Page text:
He called back the following week and told me everything was set. If I wanted to come down, they had a spot for me. They flew me to Tampa, where I taped three vignettes that were shown on three consecutive weeks prior to my start date. The day after I returned from Tampa, I gave the funeral home my two-week notice and began making plans for my rebirth into wrestling.

About two days later I received another call from Hayes. He asked, “Percy, are you sitting down?” I immediately got a sick feeling in my stomach, because I felt like something was definitely wrong. “Eddie saw the vignettes that we did with you down here.” Michael continued, “Have you gave your notice yet at the mortuary? I am afraid that things are not going to work out.” No…no…no… this can’t be happening to me, I remember thinking. I couldn’t say a word there was complete silence on the line. Then all of a sudden I could hear Dutch Mantel laughing on another line, followed by Hayes snickering. “You #$% *^ @ %&^^**($#! What a F’n rib!”

I decided to move my family back to Mobile, and I went to Florida by myself. I had been out of the business for several years, so I thought that it would be the best thing for us to do. I arrived in Florida Championship Wrestling on January 15, 1985. Percival Pringle III was back!

William Moody recalls the first time he met Championship Wrestling from Florida (CWF) promoter Eddie Graham, known as one of the greatest minds and most influential men in the industry. Moody had already filmed his vignettes to lead up to his arrival in the territory, and Graham was anxious to meet his latest acquisition.
This was going to be my first time meeting Eddie, and to say that I was nervous was an understatement. When we entered Eddie’s upstairs office he wasn’t alone. “The Dean Of Wrestling Announcers,” Gordon Solie, was seated at Eddie’s desk. This was also my first time to meet Gordon. Talk about intimidation! Brother! It didn’t take long for the two wrestling greats to make me feel comfortable, as we sat and watched the videotape. They were very pleased with my work, and I enjoyed hearing a chuckle or two out of both of them as I made my usual contorted facial expressions.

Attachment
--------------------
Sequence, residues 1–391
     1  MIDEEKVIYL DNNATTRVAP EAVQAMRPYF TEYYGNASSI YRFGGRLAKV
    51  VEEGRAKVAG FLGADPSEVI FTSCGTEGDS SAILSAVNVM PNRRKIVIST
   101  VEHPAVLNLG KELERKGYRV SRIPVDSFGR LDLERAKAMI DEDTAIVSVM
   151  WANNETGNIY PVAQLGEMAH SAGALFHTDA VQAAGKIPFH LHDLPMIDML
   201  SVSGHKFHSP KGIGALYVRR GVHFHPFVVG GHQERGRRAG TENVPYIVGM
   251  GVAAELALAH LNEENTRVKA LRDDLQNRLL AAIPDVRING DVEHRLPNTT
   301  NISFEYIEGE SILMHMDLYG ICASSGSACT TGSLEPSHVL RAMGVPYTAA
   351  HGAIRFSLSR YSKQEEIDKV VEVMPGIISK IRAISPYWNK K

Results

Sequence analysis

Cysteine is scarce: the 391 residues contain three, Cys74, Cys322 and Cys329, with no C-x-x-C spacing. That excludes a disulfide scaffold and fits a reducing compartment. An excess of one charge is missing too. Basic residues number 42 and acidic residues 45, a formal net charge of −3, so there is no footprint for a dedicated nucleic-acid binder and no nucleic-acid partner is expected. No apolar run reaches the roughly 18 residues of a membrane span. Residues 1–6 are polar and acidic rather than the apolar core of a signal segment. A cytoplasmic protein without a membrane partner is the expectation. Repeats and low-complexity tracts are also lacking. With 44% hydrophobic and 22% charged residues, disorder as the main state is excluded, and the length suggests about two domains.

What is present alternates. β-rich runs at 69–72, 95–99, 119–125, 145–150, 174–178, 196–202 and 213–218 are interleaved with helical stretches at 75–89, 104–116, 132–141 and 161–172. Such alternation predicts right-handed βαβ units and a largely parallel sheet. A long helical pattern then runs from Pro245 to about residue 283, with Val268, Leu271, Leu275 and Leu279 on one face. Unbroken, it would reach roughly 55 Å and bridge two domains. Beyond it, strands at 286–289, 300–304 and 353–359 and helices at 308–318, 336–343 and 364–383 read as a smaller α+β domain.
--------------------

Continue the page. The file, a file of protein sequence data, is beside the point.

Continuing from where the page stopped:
Unfortunately, a little over a week after my arrival into Championship Wrestling from Florida, Eddie Graham met his untimely demise.

The date was Sunday, January 20, 1985. The Miami Dolphins were facing the San Francisco 49ers in Super Bowl XIX.

It was Super Bowl Sunday. We had an afternoon show at the Eddie Graham Sports Complex in Orlando. I was riding with The Freebirds that day, and as we pulled up into Jimmy Garvin’s Tampa driveway, Buddy Roberts’ wife ran out to the car. “I have some bad news guys…” she said. “Eddie shot himself."

Eddie was in critical condition in the hospital. We all felt helpless, because obviously there was nothing that any of us could do. So, we tried to ease the pain by drowning ourselves in a bottle of Jack Daniels, and acting like we were watching the Super Bowl. As a side note, Eddie’s son Mike was actually at the Super Bowl, and they had to page him to give him the horrible news.